Trump finally invokes Defense Production Act — 15 days after he said he would
State governors have begged Trump to use the act to accelerate the production of life-saving ventilators.
Donald Trump on Thursday finally invoked the Defense Production Act to direct private companies to produce life-saving ventilators — 15 days after he first said he was going to use the law to help battle the COVID-19 pandemic.
“Today, I have issued an order under the Defense Production Act to more fully ensure that domestic manufacturers can produce ventilators needed to save American lives,” Trump said in a statement.
The act was passed in 1950 and first used during the Korean War to allow the federal government to order private companies to produce needed items.
Trump first mentioned it at a news conference on March 18: “We’ll be invoking the Defense Production Act, just in case we need it. … It can do a lot of good things if we need it.”
But more than two weeks later, he had yet to actually put it to use, despite desperate pleas from governors who said their states were projecting a shortage of ventilators.
Since he first mentioned the act on March 18, a total of 5,530 people in the United States died from the virus, according to statistics compiled by the Washington Post.
Issuing orders under the act would not have been extraordinary; it has been invoked hundreds of thousands of times since Trump became president, according to a report from the New York Times. But Trump resisted using it for the coronavirus.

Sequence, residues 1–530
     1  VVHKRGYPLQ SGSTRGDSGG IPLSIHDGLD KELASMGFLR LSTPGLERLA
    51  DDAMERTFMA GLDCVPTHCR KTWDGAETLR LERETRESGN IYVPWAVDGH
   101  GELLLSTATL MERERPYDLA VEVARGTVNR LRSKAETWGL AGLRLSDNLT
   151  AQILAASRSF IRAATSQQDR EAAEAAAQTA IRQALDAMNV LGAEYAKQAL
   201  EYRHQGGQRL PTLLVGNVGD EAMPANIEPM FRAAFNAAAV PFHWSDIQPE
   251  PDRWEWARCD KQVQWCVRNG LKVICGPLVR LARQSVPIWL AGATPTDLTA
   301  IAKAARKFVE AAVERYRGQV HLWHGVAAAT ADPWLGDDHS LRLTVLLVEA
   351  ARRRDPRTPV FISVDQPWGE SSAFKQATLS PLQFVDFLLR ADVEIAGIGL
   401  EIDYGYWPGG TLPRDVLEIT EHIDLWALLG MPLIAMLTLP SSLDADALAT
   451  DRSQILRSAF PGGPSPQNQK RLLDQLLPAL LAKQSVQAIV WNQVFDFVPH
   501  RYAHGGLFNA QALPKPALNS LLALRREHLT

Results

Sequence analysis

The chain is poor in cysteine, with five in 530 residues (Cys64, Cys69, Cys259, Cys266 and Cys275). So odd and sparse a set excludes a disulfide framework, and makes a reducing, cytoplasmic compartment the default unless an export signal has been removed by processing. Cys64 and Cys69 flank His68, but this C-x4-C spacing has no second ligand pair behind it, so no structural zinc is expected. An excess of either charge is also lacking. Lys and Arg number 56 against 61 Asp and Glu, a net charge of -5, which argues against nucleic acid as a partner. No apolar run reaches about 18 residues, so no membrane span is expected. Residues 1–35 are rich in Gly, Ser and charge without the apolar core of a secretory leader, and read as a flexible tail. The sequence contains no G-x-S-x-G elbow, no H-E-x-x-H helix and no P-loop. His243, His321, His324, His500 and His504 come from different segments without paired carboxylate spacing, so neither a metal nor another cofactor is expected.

“We’re a country not based on nationalizing our business,” Trump said at a March 22 news conference, days after he first said he was going to put the DPA to use. “Call a person over in Venezuela; ask them how did nationalization of their businesses work out. Not too well. The concept of nationalizing our business is not a good concept.”
New York Democratic Gov. Andrew Cuomo — whose state is seeing the worst COVID-19 outbreak in the country — had criticized Trump for not putting the act to use, noting that private companies needed guidance in responding to the pandemic.
“It can’t just be, ‘Hey who wants to help? Let me know,'” Cuomo said on March 24. “We need to know the numbers of what we need to produce and who is going to produce that and when.”
Cuomo and other governors across the country have said that Trump needed to ensure states wouldn’t have to bid against each other to obtain critical equipment and supplies.
“We’ve had to go out onto the open market to find both surgical masks and N95 masks … and we’re competing against federal government, we’re competing against big states like New York and California, we’re competing against other countries because the president has not invoked or used the Defense Production Act to help us with all the needs we have,” Illinois Gov. J.B. Pritzker, a Democrat, said on Tuesday.
After officially invoking the act, Trump said it will “save lives by removing obstacles in the supply chain that threaten the rapid production of ventilators.”
Published with permission of The American Independent Foundation.
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